Yes, you do need a Covid test. Depending on the time between taking the test and arriving in the Netherlands, you might actually need two. According to government.nl:
If you are aged 13 or over and travelling to the Netherlands from a high-risk country, you must provide proof that you have tested negative for COVID-19. You can do this by presenting a negative NAAT (PCR) test result based on a sample collected no more than 24 hours before boarding the aircraft or ferry. Or you can present both a negative NAAT (PCR) test result based on a sample collected no more than 72 hours before arrival in the Netherlands and a negative rapid test result based on a sample collected no more than 24 hours before boarding. A negative rapid test result is not mandatory if you are travelling to the Netherlands by car, coach or train.
The Dutch government provides a list of testing locations in Italy. I think these are just recommended locations, but you may also want to check the requirements on how the testing results are reported. These requirements are:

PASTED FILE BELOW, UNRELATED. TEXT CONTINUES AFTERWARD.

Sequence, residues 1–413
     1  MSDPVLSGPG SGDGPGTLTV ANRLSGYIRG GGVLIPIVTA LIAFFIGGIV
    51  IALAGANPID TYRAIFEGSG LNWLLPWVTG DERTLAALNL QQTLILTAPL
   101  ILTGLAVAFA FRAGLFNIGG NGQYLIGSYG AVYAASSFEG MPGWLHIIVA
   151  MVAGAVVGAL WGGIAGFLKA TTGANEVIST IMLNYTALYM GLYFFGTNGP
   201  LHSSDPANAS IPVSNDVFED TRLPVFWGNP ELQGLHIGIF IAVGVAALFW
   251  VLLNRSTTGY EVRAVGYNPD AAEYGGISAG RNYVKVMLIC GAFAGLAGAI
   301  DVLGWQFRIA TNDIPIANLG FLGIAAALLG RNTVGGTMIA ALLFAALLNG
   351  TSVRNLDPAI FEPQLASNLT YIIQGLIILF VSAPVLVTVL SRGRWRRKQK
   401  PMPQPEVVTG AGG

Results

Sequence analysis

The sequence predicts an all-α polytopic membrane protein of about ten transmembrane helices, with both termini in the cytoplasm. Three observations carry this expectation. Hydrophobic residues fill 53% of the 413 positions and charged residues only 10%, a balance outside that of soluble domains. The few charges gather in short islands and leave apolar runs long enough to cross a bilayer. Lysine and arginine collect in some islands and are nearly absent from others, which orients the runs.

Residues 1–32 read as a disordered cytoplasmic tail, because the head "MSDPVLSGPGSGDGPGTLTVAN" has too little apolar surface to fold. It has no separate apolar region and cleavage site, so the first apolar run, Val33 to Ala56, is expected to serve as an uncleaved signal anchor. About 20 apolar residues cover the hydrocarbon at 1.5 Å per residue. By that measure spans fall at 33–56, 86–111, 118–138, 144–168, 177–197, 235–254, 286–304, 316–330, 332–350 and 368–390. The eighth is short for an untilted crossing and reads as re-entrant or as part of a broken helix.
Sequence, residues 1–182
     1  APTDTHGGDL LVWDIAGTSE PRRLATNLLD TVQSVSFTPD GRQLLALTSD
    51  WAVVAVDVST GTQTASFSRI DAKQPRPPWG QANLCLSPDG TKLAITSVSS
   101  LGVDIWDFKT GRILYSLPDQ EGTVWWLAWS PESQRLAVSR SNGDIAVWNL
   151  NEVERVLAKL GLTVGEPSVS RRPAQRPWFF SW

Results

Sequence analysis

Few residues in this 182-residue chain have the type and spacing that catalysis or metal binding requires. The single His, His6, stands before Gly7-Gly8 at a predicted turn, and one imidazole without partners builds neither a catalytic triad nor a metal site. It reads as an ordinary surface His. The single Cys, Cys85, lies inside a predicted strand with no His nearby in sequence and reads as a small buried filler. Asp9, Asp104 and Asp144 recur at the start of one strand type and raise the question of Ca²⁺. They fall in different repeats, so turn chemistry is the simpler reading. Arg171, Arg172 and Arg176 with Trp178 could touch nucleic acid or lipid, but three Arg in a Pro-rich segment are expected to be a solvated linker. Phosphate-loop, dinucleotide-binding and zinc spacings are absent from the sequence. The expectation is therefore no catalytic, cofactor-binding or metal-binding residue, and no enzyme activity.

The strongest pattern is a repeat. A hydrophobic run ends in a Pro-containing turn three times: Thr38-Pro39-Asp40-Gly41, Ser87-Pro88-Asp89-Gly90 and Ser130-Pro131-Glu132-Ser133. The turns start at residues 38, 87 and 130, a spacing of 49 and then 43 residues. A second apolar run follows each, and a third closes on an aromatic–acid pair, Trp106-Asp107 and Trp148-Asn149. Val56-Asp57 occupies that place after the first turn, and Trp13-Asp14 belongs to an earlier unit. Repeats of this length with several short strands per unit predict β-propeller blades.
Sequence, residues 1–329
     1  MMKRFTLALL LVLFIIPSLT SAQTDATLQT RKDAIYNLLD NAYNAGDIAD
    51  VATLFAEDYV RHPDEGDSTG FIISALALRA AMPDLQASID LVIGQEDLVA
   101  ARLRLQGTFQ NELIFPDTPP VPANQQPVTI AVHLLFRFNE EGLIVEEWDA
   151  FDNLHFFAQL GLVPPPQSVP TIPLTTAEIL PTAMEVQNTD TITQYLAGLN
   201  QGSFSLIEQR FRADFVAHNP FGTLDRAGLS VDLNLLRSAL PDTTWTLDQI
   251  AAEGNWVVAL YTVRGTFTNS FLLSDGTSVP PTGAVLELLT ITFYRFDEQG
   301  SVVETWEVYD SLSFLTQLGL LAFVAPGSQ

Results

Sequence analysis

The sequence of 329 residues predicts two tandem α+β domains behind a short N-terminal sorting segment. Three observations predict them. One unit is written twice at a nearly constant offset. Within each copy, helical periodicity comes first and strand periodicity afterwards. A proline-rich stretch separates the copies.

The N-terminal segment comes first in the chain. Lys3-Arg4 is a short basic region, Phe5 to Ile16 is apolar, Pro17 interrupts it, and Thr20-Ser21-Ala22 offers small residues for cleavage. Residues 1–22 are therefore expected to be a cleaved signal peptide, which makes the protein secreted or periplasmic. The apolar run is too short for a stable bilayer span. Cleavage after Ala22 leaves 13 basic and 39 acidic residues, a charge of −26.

The negative test result must be in English, German, French, Italian, Portuguese, Spanish or Dutch. A translation of the test result will be accepted provided the translation bears the original signature or stamp of the doctor or institute that conducted the test.
The document must include the following information:
- Type of test: the test used must be a molecular NAAT (PCR) test (either PCR, RT PCR, LAMP, TMA or mPOCT). No other type of test, including antigen tests and serological tests (blood tests to detect antibodies), is valid;
- Test result: the test result must be negative (or ‘not detected’);
- Your given name and surname as stated in your passport;
- Date and time you were tested: the test sample must have been collected no more than 72 hours prior to arrival in the Netherlands;
- Name and contact information of the institute or laboratory that conducted the test.